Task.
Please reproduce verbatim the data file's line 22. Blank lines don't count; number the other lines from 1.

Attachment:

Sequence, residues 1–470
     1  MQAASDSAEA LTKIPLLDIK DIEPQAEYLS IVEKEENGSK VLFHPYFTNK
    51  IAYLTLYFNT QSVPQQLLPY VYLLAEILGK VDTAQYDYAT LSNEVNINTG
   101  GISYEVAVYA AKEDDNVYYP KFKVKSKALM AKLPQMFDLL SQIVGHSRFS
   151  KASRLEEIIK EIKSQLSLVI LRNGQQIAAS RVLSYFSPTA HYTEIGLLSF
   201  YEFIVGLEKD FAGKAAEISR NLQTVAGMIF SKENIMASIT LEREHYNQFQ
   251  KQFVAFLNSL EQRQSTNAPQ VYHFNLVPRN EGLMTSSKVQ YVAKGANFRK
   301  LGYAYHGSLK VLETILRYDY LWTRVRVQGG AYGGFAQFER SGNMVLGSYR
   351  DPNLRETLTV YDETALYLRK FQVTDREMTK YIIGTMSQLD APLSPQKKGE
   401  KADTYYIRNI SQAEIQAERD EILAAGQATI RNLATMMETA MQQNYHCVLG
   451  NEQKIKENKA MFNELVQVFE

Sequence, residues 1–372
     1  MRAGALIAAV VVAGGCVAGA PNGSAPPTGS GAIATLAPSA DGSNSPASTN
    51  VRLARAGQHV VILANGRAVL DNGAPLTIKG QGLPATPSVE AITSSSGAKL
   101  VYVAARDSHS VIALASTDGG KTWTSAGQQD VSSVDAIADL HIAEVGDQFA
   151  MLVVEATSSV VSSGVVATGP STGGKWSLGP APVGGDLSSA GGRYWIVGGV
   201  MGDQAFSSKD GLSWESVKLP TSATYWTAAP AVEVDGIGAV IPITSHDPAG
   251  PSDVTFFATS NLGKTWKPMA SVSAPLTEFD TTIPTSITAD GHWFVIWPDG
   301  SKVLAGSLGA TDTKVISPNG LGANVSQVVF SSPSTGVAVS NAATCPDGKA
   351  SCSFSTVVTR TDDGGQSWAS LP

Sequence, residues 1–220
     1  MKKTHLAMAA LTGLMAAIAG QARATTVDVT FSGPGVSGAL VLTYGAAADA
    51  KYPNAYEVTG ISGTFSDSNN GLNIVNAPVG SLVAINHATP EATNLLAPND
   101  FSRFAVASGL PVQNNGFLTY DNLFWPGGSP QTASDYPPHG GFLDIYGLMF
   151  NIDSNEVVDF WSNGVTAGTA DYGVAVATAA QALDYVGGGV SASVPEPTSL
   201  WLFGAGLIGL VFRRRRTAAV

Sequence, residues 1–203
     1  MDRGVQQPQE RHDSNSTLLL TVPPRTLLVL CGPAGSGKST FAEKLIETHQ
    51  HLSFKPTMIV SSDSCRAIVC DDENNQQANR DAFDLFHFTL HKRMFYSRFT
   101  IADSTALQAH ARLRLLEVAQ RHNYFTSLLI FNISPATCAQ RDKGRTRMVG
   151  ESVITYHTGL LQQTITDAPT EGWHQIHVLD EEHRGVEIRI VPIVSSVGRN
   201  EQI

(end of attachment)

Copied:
     1  MKKTHLAMAA LTGLMAAIAG QARATTVDVT FSGPGVSGAL VLTYGAAADA